4. Summary of the proceedings [part one]

After Paul Sturges' Keynote presentation, the Chairman gave the floor to Janine Lorente, Leena Krohn and Tony Bunyan.

4.1. SACD, Leena Krohn, Statewatch

Janine Lorente and Cécile Despringre, SACD, France
The Societé des auteurs et compositeurs dramatiques (SACD) was founded 1777 by Beaumarchais, who went on strike because the French Comedy did not want to pay for his plays. Today, the SACD collects royalties for writers, directors and playwrights.

Lorente said she was happy to discuss with people whose only concern is to make culture public. She summarized the position of SACD [on Internet and copyright] as follows: Who can say what the digital information society becomes? The concern of the creative community is to keep the exclusive rights that were in the analog world in the digital world. The law is perfectly adapted to the digital communications. Why should there be new exceptions in the digital environment which were not there in the analog environment? We don't know how far we can control a work that is on a database or in the library, and ensure that it will not be copied to many other sites. SACD is able to manage the exclusive rights in the sense that the public has access to culture. This is achieved by existing arrangements or by agreements with the Ministry of Education. But we don't know what will become of the Internet, so let us rely on what is existing, and adapt when we now more.

The SACD has made an extensive study on the MAI. What is at stake, essentially, is the power of international companies over states and governments. MAI would be the end of our incentives system and of our cinema system, Lorente said.

 No new international treaty on intellectual property is needed in addition to the existing WIPO treaty and the TRIPS agreement. It is also to be said that the artistic intellectual property is not just another commodity or investment.

Cécile Despringre added comments on the different national traditions visavi copyright and author's rights. "What we are trying to do, at the European level, is a directive with very precise exceptions [from the copyright] for quotations, libraries and private copies", she said. The exclusive right of the author is the contrary to the 'work for hire'-doctrine. 'Work for hire' means that a company like MGM or Universal Studio is considered author while the writer or actor is considered a salaried employee.

Janine Lorente and Cécile Despringre brought the text of an Open Letter To The Members Of The European Parliament to the attention of the roundtable. The letter, which has been signed by a number of artists in differenet European countries, warns against including provisions about "fair use" [of copyrighted materials] in the EU Directive on copyright.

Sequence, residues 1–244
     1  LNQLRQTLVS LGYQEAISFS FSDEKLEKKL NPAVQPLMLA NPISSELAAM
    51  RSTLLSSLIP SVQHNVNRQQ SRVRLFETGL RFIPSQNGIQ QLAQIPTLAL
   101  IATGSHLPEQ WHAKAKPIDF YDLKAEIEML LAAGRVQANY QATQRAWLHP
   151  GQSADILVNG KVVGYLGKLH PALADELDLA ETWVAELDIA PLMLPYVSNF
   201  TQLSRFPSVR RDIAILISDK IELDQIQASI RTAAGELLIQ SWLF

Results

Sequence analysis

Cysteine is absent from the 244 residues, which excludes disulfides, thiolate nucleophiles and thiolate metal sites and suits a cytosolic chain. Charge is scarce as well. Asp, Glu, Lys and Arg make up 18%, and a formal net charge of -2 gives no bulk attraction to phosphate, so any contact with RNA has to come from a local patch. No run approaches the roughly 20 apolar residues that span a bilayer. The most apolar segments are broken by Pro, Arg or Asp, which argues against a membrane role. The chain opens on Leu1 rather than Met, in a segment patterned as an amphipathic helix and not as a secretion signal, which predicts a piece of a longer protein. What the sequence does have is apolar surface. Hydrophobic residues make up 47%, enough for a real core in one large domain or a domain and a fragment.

[The "Open Letter" is reproduced in Section 7 of this report.]

Leena Krohn, writer, Finland
As a reader, the writer, too, must gain access to information. Each tightening of copyright directly limits this basic right. Leena Krohn compared "the right to read without special licences" to the Finnish "everyman's right to wander in nature and harvest berries and mushrooms from the forests". Krohn also said that "it was a big mistake to extend copyright protection to seventy years".

Krohn mentioned that she has published many of her own essays and short stories on the World Wide Web. "The author has the choice", she said, "to publish free of charge on the web or not to publish there at all." She added that she does not yet know of a practical way for an individual author to charge those who visit his or her pages.

Krohn believes that the electronic book is coming: "Such a book is empty - but it is precisely its emptiness that enables it to contain a library, or libraries. Slightly altering the Finnish poet Mirkka Rekola's words: 'Each day an empty page in front of me. I read it and keep it open'".

[See section "7. Papers, notes and related materials" for Leena Krohn's essay "Hope and Technology", which discusses e.g. copyright from the author's point of view.]

Tony Bunyan, Statewatch, UK
Tony Bunyan shortly presented Statewatch, a charity which works in the field of civil liberties. Statewatch is building a database of public records [i.e. of information which is not copyrighted]. Bunyan related difficulties which Statewatch has encountered when trying to get certain documents out of the EU bodies in Brussels.

4.2. MAI and Libraries

Sinikka Sipilä, Finnish Library Association
The discussion about MAI is now very much in the air among library people. MAI is on the agenda of the EBLIDA meeting in Athens 10 October [i.e. the day after the roundtable]. In June 1998 the British Columbian Library Asociation (June 1998) took a resolution on the effects of the MAI on libraraies. This resolution has been a starting point for the discussion among librarians. According to this document, public libraries could disappear altogether if the MAI is adopted.

[See section "7. Papers, notes and related materials" for Sinikka Sipilä's article on "MAI and the Libraries".]

Andrew Puddephat, Charter 88, UK
While we are discussing access to information on the net, Clinton's political adviser Sid Blumenthal is sueing Matt Drudge (the author of the "Drudge Report" on the Lewinsky affair) AND his Internet service provider for about 30 million dollars. The potential "liability of the Internet provider" is another threat to access, Puddephat reminded.

Puddephat was sceptical about the opinion that the the provisions of the MAI could lead to public service libraries being shut down in Britain. The courts are bound by the European convention of human rights, and maybe soon also by a Freedom of Information Act.